Hollywood Flatlands: Animation, Critical Theory And The Avant-Garde
Hollywood Flatlands: Animation, Critical Theory and the Avant-Garde
With ruminations on drawing, colour and caricature, on the political meaning of fairy-tales, talking animals and human beings as machines, Hollywood Flatlands brings to light the links between animation, avant-garde art and modernist criticism.
Focusing on the work of aesthetic and political revolutionaries of the inter-war period, Esther Leslie reveals how the animation of commodities can be studied as a journey into modernity in cinema. She looks afresh at the links between the Soviet Constructivists and the Bauhaus, for instance, and those between Walter Benjamin and cinematic abstraction. She also provides new interpretations of the writings of Siegfried Kracauer on animation, shows how Theodor Adorno’s and Max Horkheimer’s film viewing affected their intellectual development, and reconsiders Sergei Eisenstein’s famous handshake with Mickey Mouse at Disney’s Hyperion Studios in 1930.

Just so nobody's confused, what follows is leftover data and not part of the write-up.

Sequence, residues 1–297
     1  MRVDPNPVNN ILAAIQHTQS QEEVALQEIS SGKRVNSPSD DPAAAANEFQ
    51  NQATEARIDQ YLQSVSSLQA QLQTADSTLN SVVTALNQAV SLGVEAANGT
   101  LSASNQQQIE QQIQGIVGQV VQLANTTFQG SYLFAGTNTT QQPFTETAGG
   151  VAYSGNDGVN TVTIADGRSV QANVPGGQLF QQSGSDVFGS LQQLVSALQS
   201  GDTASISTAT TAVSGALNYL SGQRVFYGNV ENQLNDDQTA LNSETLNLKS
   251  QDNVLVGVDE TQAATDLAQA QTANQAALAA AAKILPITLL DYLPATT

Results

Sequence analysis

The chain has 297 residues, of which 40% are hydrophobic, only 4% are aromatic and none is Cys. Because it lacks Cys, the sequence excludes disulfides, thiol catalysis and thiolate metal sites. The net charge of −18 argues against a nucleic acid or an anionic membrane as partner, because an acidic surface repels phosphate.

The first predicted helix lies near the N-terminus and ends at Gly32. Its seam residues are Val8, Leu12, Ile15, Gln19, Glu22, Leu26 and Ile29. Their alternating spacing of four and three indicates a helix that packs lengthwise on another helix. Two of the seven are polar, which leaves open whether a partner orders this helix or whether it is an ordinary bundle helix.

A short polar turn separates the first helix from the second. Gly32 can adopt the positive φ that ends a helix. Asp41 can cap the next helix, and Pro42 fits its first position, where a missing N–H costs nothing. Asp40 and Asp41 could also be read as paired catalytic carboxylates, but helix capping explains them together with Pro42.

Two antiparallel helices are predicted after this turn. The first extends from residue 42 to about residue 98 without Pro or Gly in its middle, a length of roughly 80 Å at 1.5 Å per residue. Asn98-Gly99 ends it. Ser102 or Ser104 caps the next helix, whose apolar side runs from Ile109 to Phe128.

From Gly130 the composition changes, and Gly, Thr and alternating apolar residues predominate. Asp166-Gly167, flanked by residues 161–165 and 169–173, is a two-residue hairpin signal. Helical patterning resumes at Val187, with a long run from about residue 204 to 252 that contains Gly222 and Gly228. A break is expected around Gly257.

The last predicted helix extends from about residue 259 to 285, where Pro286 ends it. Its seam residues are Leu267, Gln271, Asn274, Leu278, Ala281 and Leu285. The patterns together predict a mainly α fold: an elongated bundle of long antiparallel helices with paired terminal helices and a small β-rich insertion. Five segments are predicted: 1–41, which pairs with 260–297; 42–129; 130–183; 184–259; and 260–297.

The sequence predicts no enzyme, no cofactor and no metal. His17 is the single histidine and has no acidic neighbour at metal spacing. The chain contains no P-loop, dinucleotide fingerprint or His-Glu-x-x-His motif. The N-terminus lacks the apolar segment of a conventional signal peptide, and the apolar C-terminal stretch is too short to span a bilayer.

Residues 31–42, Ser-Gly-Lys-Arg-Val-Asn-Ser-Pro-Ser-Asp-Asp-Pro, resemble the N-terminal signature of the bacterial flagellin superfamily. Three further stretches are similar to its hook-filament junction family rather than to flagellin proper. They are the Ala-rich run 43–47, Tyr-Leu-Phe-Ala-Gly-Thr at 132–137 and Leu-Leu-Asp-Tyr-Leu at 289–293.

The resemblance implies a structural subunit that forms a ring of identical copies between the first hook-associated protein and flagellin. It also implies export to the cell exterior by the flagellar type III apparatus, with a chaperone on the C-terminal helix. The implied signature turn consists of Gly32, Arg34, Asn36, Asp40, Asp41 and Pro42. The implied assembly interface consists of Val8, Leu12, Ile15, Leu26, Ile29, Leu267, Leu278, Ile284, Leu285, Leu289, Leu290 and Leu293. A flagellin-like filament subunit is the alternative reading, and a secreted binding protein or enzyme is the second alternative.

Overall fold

“A vital new book.”—ASIFA
“In an age when the Walt Disney Co ... is completely lost to sober cultural debate, it is not insignificant to remember that, quite recently, the opposite was the case.”—Los Angeles Times
“This is about much more than the House of Mouse, tracing with a deft hand the aesthetic precursors of film animation in the work of Hans...